Clinical-Medical Image - International Journal of Clinical & Medical Images (2016) Volume 3, Issue 9
Author(s): Marco Di Serafino*, Valeria Coppola, Francesco Lisanti, Rosario Rocca and Enrico Scarano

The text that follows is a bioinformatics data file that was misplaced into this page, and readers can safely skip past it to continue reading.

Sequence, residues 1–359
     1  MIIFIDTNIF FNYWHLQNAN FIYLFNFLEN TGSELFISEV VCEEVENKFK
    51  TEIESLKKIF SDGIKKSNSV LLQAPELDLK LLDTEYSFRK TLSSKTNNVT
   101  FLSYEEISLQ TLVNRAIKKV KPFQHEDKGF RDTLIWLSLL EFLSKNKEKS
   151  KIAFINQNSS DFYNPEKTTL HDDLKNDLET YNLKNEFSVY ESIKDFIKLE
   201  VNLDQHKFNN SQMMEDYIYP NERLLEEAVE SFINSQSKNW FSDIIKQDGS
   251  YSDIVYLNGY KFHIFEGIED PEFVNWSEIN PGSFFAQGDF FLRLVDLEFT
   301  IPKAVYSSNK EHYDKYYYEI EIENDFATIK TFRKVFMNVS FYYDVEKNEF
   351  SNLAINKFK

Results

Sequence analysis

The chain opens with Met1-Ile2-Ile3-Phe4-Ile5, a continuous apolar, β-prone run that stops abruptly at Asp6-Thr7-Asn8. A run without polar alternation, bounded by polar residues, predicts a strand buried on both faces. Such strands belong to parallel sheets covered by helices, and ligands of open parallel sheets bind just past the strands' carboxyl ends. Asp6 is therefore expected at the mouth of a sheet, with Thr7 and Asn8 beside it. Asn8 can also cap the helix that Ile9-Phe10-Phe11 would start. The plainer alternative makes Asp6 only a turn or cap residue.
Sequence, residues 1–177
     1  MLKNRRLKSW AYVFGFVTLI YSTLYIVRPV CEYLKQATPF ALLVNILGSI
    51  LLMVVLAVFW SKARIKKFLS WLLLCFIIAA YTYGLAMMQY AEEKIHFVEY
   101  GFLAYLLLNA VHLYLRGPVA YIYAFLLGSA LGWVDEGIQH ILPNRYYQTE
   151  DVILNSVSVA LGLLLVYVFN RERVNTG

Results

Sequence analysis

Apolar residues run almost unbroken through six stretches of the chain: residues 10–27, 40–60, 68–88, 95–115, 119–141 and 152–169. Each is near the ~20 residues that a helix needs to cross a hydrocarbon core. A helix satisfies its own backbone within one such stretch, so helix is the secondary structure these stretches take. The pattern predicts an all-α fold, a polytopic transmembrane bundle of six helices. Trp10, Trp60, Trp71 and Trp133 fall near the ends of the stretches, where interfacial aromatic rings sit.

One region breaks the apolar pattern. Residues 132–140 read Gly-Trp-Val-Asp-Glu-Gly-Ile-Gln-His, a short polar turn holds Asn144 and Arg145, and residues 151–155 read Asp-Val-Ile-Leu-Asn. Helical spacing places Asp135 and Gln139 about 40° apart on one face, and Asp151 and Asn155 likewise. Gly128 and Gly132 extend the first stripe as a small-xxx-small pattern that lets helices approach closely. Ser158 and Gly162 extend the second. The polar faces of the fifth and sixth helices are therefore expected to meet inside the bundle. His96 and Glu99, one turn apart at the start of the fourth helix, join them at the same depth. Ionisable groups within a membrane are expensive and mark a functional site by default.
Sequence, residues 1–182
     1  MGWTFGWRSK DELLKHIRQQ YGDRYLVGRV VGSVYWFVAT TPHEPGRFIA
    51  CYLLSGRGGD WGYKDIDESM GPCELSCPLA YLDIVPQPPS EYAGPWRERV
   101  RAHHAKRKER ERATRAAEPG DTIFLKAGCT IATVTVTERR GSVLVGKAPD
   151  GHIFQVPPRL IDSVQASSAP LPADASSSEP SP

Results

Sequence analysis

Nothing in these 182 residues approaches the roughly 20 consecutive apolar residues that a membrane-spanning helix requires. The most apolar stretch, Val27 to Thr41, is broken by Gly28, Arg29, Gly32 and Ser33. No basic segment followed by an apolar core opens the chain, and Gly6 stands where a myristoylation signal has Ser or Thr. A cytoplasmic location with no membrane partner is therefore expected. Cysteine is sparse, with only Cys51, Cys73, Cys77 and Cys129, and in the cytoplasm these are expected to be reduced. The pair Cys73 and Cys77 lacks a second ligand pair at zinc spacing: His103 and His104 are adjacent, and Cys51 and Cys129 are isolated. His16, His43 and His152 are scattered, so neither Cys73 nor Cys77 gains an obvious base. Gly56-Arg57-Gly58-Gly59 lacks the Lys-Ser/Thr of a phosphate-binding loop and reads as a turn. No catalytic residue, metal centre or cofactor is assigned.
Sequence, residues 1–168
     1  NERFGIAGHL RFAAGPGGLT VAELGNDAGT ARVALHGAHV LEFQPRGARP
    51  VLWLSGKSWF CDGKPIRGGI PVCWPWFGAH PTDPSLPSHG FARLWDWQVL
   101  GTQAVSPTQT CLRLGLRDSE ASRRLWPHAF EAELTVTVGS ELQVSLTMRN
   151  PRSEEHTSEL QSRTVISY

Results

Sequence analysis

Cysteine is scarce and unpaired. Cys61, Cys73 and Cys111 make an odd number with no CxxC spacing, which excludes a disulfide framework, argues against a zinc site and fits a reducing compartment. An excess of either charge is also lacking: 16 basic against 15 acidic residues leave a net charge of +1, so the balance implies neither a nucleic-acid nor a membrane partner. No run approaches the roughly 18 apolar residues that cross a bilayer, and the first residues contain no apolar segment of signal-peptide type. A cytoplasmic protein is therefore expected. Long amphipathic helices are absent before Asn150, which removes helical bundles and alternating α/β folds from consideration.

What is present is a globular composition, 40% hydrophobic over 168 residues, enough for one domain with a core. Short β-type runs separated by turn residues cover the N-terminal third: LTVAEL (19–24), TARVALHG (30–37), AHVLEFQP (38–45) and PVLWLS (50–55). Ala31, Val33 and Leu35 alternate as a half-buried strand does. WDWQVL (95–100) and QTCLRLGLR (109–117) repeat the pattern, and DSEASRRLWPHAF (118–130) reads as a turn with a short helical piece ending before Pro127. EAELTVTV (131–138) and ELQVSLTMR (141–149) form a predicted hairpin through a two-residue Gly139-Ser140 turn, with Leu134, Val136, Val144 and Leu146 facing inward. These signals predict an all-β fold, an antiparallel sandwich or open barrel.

A 30 year-old man presented at our department complaining of two years of bilateral neck pain, greater during swallowing, chewing and stretching head. There was no history of head trauma or surgery. He was treated unsuccessfully for a trigeminal neuralgia. Clinical examination of oral cavity and oropharynx revealed no abnormalities or cervical lymph nodes, but an exacerbation of pain during palpation of tonsillar fossae. Non-contrast computed tomography (CT) scan showed bilaterally elongated styloid processes with their lower tips at the level of hyoid bone anteriorly, along the inferior margin of the base of tongue measuring 9 cm (Figures 1 and 2); they were close to the carotid-jugular complex (Figure 3). We made a diagnosis of Eagle’s Syndrome. The complete removal of elongated stylohyoid ligaments brought to clinical resolution. It is very important for all clinicians to include Eagle’s syndrome in the differential diagnosis when treating patients with atypical pain in the head and neck regions.Eagle syndrome is a rare condition where elongated temporal styloid processes (> 3 cm), or calcified stylohyoid ligaments, are in conflict with the adjacent anatomical structures giving rise to a complex range of variable symptoms including otalgia, dysphagia, foreign body sensation in throat, pain along carotid artery distribution and others [1,2]. Its diagnosis is clinical and radiological both with orthopantomogram and conventional radiographs both with Computed Tomography (CT). The latter is recommended because it shows better the detailed anatomy thanks to its multi-parametric and 3D-volume rendering reconstructions which support the management, planning and tailoring of the surgical approach [1,2]. The treatment plan includes both medical and surgical options.